The researchers point out that the gain in greenness seen around the world and dominated by India and China does not offset the damage from loss of natural vegetation in tropical regions, such as Brazil and Indonesia. The consequences for sustainability and biodiversity in those ecosystems remain.

Overall, Nemani sees a positive message in the new findings. “Once people realize there’s a problem, they tend to fix it,” he said. “In the 70s and 80s in India and China, the situation around vegetation loss wasn’t good; in the 90s, people realized it; and today things have improved. Humans are incredibly resilient. That’s what we see in the satellite data.”

This research was published online, Feb. 11, 2019, in the journal Nature Sustainability.

Bar chart showing that China and India are leading the increase in greening of the planet, due to human activity
Credits: NASA Earth Observatory

For news media:

Members of the news media interested in covering this topic should get in touch with the science representative on the NASA Ames media contacts page.

Author: Abby Tabor, NASA’s Ames Research Center, Silicon Valley

Last Updated: Feb. 11, 2019
Editor: Abigail Tabor

Storage wars

[Hifast Note: The study conclusions and statements by the researchers are perplexing.  The comment thread (here) at WUWT is better than the article.]

Reblogged from Watts Up With That:

From EurekAlert!

UC Santa Barbara researcher conducts first-ever global-scale evaluation of the role of soil minerals in carbon storage

University of California – Santa Barbara

One answer to our greenhouse gas challenges may be right under our feet: Soil scientists Oliver Chadwick of UC Santa Barbara and Marc Kramer of Washington State University have found that minerals in soil can hold on to a significant amount of carbon pulled from the atmosphere. It’s a mechanism that could potentially be exploited as the world tries to shift its carbon economy.

“We’ve known for quite a long time that the carbon stored on minerals is the carbon that sticks around for a long time,” said Chadwick, co-author of the paper, “Climate-driven thresholds in reactive mineral retention of soil carbon at the global scale,” published in the journal Nature Climate Change. How much carbon the soil can take and how much it can keep, he said, are dependent on factors including temperature and moisture.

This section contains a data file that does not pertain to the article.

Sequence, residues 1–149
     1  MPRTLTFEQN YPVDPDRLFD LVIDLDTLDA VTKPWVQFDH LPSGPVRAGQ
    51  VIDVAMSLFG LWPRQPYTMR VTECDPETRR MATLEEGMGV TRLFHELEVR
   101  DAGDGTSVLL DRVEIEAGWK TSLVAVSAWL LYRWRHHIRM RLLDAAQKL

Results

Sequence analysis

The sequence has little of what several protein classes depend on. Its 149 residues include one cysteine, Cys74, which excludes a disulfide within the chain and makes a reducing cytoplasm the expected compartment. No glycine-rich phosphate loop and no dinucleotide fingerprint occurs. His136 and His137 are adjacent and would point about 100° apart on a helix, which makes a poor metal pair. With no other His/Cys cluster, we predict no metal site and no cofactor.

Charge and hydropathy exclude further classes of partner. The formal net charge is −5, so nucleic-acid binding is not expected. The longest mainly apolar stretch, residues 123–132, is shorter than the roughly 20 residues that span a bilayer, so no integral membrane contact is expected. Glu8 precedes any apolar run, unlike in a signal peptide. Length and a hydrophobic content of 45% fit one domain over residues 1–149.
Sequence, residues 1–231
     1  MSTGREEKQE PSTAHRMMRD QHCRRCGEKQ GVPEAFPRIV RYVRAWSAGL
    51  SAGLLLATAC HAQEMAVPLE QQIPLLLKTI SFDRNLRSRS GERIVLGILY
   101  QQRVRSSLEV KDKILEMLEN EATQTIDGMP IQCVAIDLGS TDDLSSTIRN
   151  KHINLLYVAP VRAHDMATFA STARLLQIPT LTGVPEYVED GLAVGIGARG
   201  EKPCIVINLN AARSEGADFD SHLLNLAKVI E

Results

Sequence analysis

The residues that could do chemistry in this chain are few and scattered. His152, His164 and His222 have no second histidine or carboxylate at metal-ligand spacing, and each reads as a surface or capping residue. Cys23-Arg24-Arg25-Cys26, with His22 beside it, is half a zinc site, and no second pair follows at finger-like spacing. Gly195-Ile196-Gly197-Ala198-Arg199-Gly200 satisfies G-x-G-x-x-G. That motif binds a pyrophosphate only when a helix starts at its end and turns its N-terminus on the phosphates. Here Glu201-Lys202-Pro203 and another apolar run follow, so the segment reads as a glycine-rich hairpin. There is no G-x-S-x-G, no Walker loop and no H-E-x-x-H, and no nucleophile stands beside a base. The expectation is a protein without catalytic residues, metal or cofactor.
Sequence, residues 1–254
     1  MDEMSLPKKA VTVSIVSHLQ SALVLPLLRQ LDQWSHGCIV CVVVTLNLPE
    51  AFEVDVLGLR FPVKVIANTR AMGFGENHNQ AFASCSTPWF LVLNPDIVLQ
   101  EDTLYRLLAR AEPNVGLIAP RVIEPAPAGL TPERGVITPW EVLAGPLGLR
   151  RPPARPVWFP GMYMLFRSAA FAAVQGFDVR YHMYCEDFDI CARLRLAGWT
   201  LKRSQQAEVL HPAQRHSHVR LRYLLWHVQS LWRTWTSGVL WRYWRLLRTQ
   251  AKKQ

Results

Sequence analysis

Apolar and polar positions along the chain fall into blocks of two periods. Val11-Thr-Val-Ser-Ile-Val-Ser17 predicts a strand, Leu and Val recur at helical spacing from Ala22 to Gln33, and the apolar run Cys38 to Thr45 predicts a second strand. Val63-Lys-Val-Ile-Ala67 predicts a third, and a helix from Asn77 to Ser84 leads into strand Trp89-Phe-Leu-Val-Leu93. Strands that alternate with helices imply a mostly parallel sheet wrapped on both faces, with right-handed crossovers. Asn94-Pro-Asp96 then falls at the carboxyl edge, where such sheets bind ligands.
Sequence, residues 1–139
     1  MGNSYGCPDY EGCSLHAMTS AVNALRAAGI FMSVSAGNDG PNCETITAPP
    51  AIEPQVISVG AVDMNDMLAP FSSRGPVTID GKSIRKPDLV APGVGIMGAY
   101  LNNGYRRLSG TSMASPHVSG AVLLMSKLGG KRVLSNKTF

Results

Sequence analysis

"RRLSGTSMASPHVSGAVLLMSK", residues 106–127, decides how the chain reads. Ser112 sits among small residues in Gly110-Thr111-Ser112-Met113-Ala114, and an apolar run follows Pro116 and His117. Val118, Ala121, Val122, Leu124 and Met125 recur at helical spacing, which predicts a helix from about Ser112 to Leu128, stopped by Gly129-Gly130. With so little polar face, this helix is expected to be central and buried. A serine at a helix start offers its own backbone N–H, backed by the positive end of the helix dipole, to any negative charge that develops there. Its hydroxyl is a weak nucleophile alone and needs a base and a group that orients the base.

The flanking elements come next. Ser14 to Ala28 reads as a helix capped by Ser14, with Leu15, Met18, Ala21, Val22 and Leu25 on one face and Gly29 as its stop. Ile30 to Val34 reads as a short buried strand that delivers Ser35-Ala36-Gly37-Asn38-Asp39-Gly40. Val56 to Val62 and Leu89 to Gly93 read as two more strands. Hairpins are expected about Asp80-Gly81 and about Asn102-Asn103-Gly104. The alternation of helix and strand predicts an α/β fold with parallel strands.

“When plants photosynthesize, they draw carbon out of the atmosphere, then they die and their organic matter is incorporated in the soil,” Chadwick explained. “Bacteria decompose that organic matter, releasing carbon that can either go right back into the atmosphere as carbon dioxide or it can get held on the surface of soil minerals.”

Water plays a significant role in the soil’s ability to retain carbon, say the researchers. Chadwick and Kramer consulted soil profiles from the National Ecological Observatory Network (NEON) and from a globally representative archived data set for this first-ever global-scale evaluation of the role soil plays in producing dissolved organic matter and storing it on minerals. Wetter climates are more conducive to formation of minerals that are effective at storing carbon, therefore much of the Earth’s estimated 600 billion metric tons of soil-bound carbon is found in the wet forests and tropical zones. Arid places, meanwhile, tend to have a “negative water balance” and can thus store far less organic carbon. According to Chadwick, the findings suggest that even a small, strategic change in the water balance could drive greater carbon storage.

“That’s not as easy as it sounds, because water is dear,” Chadwick said, and in places where a shift in soil moisture could tip the water balance from negative to positive — like the desert — there’s not enough water to begin with. “So, it doesn’t actually make any sense to spread a lot of water out over the landscape because water is hugely valuable,” he added.

Climate change is another driver to consider. As the Earth warms, microbial activity increases and, in turn, so does the potential for carbon to be released back into the atmosphere at a greater rate than photosynthesis can draw it out. Increased evaporation due to a warmer climate also decreases the amount of water in the soil available to dissolve and move carbon to minerals deep below the surface.

There is still a lot to investigate and several hurdles to overcome as soil scientists everywhere consider ways to tip the balance of the Earth’s soil from carbon source to carbon sink, but according to these researchers, understanding this relatively little-known but highly significant carbon storage pathway is a start.

“We know less about the soils on Earth than we do about the surface of Mars,” said Kramer. “Before we can start thinking about storing carbon in the ground, we need to actually understand how it gets there and how likely it is to stick around. This finding highlights a major breakthrough in our understanding.”

Among the next steps for the scientists is to date the mineral-stored carbon in the soil to better understand how long these reactive (typically iron and aluminum) minerals can keep carbon out of the air. “Which is really important if we’re going to put effort into trying to store carbon in the soil,” Chadwick said. “Is it going to stay there long enough to matter? If we put it in and it comes out five years later, it’s not solving our problem, and we ought to be barking up a different tree.”